1. Amy, it seems that this is a predominant theme for Christians; we have a Bible that teaches us about grace, but we don’t give it to each other. It’s awesome that you have learned not to try to please people in this area, but to stay on track with God. It’s only His approval that we need, anyway, right? 🙂

  4. Couldn’t agree with you more, Steph! The more I get to know you, the more I realize how very very much our hearts are on the same page, having traveled quite parallel journeys. When I moved to Tyler in ’91, a couple of people from my home church gave me a copy of “The Grace Awakening”, Chuck Swindoll’s newest book. I didn’t realize it at the moment, but that was KEY.

    During the last year of my work as Youth Pastor at The Chapel, an undercurrent of legalism had crept into the church and many of the homes of our previously free and grace-oriented members. Some big guy was telling them the proper steps to raising perfect children and proving what he said was true verse after verse. I’ll let you guess who I’m talking about and you’ll probably be right… but even if you don’t get his exact name and organization, you’ll surely name an equally insidious counterpart.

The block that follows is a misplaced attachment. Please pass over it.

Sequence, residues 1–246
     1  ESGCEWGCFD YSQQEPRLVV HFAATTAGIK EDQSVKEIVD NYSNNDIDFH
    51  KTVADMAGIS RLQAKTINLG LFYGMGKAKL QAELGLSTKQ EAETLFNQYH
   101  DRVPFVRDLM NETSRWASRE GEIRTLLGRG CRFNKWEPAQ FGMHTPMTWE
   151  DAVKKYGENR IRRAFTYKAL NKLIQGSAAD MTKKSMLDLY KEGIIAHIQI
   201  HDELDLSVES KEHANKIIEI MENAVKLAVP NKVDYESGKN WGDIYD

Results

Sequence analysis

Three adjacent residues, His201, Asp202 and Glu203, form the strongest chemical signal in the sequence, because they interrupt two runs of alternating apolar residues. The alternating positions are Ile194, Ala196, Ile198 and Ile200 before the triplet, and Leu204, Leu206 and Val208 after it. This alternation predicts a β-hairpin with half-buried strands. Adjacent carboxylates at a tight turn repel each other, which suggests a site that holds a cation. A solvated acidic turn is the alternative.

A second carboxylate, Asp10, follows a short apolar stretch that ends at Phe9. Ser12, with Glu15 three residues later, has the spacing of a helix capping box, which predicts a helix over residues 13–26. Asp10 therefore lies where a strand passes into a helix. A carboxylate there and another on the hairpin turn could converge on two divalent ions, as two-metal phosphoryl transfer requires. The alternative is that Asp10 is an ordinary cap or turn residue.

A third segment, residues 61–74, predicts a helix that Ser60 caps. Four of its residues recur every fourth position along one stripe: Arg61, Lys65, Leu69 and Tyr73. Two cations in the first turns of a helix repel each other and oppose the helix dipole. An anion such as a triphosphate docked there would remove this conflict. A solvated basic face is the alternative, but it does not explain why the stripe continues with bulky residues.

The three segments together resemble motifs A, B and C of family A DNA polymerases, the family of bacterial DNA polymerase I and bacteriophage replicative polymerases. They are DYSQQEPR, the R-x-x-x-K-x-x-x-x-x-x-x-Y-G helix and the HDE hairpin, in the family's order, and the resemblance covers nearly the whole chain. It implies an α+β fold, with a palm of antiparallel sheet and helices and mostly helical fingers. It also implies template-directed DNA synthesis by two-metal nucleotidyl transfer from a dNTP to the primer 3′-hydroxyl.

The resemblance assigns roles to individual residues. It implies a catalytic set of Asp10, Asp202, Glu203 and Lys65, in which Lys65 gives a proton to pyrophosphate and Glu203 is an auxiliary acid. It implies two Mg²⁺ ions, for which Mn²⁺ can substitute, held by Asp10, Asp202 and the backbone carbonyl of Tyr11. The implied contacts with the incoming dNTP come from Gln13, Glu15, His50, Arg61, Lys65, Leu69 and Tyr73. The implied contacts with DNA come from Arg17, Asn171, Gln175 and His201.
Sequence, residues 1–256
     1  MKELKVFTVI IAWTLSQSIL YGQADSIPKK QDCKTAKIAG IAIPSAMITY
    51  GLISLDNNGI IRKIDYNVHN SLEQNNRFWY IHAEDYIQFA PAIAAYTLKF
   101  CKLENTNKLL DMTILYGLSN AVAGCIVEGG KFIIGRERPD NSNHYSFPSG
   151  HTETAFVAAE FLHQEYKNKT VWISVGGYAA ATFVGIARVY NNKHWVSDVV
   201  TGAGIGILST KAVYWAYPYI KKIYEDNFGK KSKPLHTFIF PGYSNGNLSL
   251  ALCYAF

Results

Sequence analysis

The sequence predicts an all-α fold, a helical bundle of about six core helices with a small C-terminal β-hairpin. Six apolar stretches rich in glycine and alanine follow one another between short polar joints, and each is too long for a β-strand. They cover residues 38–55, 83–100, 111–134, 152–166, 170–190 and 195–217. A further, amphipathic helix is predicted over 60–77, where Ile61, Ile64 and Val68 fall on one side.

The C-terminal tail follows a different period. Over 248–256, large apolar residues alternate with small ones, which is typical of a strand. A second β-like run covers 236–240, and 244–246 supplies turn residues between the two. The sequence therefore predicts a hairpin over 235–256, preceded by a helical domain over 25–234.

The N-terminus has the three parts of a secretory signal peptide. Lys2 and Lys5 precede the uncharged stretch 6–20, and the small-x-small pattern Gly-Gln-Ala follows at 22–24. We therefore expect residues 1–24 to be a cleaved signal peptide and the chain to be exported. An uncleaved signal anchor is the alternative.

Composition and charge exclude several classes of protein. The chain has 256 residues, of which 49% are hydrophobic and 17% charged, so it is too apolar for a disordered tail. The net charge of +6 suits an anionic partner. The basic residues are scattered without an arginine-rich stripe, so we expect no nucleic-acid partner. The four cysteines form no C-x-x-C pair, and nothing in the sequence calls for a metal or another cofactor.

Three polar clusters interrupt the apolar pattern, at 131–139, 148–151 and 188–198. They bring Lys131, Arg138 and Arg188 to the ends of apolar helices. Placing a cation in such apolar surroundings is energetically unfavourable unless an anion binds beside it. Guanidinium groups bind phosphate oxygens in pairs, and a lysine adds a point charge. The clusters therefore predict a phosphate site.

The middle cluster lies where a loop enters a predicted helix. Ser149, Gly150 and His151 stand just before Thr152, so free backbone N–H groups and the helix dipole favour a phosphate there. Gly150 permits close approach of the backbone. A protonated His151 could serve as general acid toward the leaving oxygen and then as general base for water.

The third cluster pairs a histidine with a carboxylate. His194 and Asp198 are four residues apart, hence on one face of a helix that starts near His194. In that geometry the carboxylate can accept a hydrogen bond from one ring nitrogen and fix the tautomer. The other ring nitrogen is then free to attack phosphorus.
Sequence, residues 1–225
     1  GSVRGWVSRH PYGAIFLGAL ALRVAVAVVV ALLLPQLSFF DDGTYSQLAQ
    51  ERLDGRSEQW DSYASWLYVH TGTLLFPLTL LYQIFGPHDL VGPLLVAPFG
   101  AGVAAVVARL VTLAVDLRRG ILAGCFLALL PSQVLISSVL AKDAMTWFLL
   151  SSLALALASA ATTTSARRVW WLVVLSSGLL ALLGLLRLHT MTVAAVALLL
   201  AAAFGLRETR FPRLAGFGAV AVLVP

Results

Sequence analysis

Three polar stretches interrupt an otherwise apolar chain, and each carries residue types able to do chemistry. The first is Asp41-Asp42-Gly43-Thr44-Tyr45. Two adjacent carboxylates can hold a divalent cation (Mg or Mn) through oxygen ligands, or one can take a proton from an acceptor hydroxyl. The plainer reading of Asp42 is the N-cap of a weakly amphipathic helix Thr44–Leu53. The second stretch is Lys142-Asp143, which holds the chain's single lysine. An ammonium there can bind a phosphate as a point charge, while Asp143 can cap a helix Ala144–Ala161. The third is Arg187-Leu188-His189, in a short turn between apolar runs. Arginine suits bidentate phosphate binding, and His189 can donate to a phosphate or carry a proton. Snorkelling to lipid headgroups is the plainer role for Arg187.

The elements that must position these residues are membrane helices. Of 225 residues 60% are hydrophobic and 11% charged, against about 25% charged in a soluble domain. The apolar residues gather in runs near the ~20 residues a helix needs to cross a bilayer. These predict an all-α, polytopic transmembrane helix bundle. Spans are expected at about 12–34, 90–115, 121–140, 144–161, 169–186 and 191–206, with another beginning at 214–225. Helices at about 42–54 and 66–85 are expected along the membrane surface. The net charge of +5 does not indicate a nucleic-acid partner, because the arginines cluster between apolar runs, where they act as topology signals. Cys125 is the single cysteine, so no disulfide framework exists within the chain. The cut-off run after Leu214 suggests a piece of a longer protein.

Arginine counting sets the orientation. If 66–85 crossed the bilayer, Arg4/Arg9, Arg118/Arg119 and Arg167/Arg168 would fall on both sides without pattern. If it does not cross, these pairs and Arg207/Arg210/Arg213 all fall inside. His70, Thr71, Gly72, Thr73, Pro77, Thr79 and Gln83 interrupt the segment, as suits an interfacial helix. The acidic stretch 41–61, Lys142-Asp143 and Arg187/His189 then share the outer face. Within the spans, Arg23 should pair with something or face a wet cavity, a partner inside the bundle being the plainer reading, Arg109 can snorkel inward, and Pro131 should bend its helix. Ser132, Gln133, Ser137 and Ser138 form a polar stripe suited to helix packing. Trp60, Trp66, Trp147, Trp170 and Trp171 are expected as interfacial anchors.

Anywho, I read the book, spotted what legalism looks like versus grace and determined that two things would always mark me from that point forward… first, I would have a “YES” face instead of a “NO” face and second, I would rise up and quickly fight one thing — legalism.